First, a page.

acts in trans .ON Constitutive ON lac mutants: lacI•! Key insights from regulatory mutants: –! constitutive mutant: operon is always ON •! lac enzymes expressed in absence of lactose X Figure 15-1 lacI is a repressor Constitutive mutant: lacI.

Constitutive ON lac mutants: lacOC •! Key insights from regulatory mutants: –! constitutive mutant: operon is always ON •! lac enzymes expressed in absence of lactose X Figure 15-1 Constitutive mutant: lacOC lacO is the operator acts in cis ON .

a promoter. transcription factor activator.g. operator •! trans-acting element –! factors (usually proteins) that control gene expression through a cis element •! e.g. repressor What controls these cis and trans acting elements? Environmental factors: lactose .cis vs. trans effects •! cis-acting element –! DNA sequence that regulates expression of a gene located nearby (on the same chromosome) •! e.

Lactose regulates the lac operon via the lacI repressor •  Lactose inhibits the repressor –  leads to induction of lac operon Figure 15-5 .

Lactose regulates the lac operon via the lacI repressor Figure 15-5 Normal regulation no lactose: OFF .

Lactose regulates the lac operon via the lacI repressor Figure 15-5 ON Normal regulation Lactose flips the switch to ON .

Allosteric regulation •  Lactose causes a conformational change in lacI repressor so that it can no longer bind to the operator Gray blob (lac I repressor) undergoes conformational change .

lac operon constitutively ON when repressor or operator is defective Figure 15-6 Defective repressor ON .

lac operon constitutively ON in absence of repressor or operator Figure 15-6 Defective operator ON .

and I+? .can test this with merozygote Diploid for certain genes: can ask about dominant/recessive What would happen if you combined I.Phenotypes of lac mutants Testing the model! no enzyme Zno repressor Ioperator constitutively on OC Model makes predictions .

Clicker Q2: What would happen if you combined I.and I+? ? ? A: B: + + + - C: - - D: - + .

and I+? B) Rescues .Phenotypes of lac mutants cis/trans elements no enzyme Zno repressor Ioperator constitutively on OC What would happen if you combined I.looks like wild-type. I+ is dominant What would happen if you combined OC and O+? .

Clicker Q3: What would happen if you combined O+ and OC? A: ? + ? B: + + - C: - - D: - + .

and I+? B) Rescues . OC is dominant .Phenotypes of lac mutants cis/trans elements no enzyme Zno repressor Ioperator constitutively on OC What would happen if you combined I.looks like wild-type What would happen if you combined OC and O+? A) Constitutively ON. like OC alone.

Phenotypes of lac mutants no enzyme Zno repressor Ioperator constitutively on OC Review other predictions in your textbook .

youtube.com/watch? v=W6s7I3I0Kh4&feature=related .Video of lac operon •  http://www.youtube.com/watch? v=iPQZXMKZEfw •  http://www.

trans effects •  cis-acting element –  DNA sequence that regulates expression of a gene located nearby (on the same chromosome) •  e. a promoter.g. repressor .g.cis vs. transcription factor activator. operator •  trans-acting element –  factors (usually proteins) that control gene expression through a cis element •  e.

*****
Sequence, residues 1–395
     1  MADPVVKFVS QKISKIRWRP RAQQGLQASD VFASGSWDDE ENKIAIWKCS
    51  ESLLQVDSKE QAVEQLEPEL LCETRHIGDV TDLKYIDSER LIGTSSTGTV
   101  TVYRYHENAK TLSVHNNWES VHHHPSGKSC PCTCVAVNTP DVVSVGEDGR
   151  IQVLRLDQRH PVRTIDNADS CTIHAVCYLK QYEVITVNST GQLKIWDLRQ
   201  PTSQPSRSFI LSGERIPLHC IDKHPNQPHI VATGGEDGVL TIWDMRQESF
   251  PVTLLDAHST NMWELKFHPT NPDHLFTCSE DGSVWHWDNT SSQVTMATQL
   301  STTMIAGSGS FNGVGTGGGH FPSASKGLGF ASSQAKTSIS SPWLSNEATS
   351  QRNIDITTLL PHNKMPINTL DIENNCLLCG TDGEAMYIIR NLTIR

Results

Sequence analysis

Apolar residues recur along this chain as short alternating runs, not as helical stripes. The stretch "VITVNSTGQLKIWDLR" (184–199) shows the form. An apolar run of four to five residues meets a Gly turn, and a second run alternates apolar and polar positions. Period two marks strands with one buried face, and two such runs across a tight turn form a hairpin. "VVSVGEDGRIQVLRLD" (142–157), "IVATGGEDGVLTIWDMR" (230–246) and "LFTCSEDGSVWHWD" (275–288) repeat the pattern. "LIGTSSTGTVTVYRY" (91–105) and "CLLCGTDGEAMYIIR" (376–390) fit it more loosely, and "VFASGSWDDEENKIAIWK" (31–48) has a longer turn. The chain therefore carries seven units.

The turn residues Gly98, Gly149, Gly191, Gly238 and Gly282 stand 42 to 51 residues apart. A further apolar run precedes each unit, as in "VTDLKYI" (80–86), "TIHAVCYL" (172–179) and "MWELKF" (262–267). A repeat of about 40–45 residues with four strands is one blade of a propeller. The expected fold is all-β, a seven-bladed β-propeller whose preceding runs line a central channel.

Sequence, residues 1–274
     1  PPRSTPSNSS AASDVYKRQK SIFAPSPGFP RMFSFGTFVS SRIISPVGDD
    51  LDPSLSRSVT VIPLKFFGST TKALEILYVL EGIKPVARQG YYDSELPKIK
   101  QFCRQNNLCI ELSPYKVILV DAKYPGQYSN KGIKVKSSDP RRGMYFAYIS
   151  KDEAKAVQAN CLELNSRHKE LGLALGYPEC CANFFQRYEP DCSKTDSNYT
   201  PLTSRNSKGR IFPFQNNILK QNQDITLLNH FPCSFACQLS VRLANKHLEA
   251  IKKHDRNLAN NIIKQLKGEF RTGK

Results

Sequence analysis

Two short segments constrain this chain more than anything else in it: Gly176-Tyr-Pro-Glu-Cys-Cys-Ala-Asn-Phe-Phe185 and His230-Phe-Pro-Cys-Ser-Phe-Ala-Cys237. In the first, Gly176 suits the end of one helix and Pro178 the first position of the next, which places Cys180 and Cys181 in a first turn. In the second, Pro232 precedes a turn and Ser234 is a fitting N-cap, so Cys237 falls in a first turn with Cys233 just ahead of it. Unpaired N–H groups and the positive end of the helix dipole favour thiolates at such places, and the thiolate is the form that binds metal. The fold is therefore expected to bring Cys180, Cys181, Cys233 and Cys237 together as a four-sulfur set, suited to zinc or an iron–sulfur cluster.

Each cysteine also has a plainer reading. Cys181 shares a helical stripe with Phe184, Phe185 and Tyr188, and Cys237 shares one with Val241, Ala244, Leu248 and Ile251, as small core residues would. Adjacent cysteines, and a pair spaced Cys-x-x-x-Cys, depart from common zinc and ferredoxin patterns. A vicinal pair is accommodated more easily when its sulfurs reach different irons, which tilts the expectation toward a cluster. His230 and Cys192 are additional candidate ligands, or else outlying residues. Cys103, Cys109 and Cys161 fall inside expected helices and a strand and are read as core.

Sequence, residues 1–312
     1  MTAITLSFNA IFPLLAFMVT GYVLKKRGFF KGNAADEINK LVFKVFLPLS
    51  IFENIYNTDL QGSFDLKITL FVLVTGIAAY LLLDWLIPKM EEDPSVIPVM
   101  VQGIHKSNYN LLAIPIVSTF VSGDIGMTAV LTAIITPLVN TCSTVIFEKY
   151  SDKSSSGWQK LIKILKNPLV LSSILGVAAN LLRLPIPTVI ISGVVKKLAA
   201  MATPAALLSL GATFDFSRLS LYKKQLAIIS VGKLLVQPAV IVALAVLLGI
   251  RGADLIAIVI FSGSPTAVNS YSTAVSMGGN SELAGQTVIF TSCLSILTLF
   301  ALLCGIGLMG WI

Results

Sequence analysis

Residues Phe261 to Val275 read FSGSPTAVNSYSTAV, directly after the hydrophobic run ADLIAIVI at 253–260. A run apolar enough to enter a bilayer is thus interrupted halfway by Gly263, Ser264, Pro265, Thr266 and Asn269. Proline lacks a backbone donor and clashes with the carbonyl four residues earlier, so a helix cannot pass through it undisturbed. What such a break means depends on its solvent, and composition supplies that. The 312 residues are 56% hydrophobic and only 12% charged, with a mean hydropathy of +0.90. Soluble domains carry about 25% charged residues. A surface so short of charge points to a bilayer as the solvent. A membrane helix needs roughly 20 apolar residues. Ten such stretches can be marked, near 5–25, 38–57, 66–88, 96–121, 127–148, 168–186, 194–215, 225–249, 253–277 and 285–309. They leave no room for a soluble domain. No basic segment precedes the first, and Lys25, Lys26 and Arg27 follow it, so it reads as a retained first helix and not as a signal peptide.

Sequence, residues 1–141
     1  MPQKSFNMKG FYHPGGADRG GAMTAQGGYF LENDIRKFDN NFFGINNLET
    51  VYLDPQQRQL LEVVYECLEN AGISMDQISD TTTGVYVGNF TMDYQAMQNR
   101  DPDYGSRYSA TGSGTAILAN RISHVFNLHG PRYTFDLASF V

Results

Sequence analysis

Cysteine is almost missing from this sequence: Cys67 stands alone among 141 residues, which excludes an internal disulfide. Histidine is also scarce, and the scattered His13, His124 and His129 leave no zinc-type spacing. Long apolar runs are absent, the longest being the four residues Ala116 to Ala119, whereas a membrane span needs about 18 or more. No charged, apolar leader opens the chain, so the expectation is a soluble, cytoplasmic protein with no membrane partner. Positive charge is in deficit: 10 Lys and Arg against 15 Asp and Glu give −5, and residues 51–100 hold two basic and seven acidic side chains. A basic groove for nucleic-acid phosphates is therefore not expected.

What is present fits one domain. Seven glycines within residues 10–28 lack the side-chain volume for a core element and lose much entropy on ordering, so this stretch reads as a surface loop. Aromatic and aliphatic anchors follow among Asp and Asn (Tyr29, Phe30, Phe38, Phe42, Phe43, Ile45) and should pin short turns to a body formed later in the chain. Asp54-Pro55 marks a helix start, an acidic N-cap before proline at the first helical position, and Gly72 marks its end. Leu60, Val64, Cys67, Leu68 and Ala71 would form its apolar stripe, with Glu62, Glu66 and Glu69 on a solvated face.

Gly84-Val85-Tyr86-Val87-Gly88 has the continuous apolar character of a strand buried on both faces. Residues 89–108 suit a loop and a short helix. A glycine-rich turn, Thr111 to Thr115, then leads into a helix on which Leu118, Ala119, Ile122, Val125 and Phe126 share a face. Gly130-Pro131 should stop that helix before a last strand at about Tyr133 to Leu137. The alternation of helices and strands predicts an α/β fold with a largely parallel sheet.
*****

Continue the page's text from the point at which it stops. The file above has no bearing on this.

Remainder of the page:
D) production of nonfunctional βgalactosidase. E) no change in the expression of lac. as the repressor cannot bind.Clicker Q4: A mutation in the P region of the lac operon would most likely result in A) constitutive expression of lac. C) reduced expression of lac. B) constitutive expression of lac. . as lactose cannot bind.

.Clicker Q4: A mutation in the P region of the lac operon would most likely result in Answer: C. Explanation: The promoter (P) allows RNA polymerase to bind and begin transcription of lac. reduced expression of lac. A change in P would be likely to affect RNA polymerase binding and reduce lac transcription.

What do E. coli do if they have BOTH lactose and glucose? Lactose is converted to galactose and glucose Galactose is converted to glucose Glucose is a preferred carbon source How is this controlled? Figure 15-2 .

which makes cAMP .Another regulator of the lac operon: CAP •  Catabolite activating protein (CAP) –  activates expression of lac operon •  binds to promoter –  CAP binds promoter better with cAMP •  cAMP levels are lower in presence of glucose –  glucose inhibits adenylate cyclase.

Another regulator of the lac operon: CAP Figure 15-8 .

Another regulator of the lac operon: CAP Figure 15-8 Combination of positive and negative regulation determines lac operon transcription .

Clicker Q5: The lac operon is normally expressed: A) in the absence of both lactose and glucose. B) in the absence of lactose and the presence of glucose. . D) in the presence of both lactose and glucose. E) None of the above. C) in the presence of lactose and the absence of glucose.

. The absence of glucose allows CAP to form a complex with cAMP. and facilitate RNA polymerase binding and lac transcription. in the presence of lactose and the absence of glucose. the presence of lactose is necessary to inactivate the repressor. Explanation: For lac expression. bind to the CAP site.Clicker Q5: The lac operon is normally expressed: Answer: C.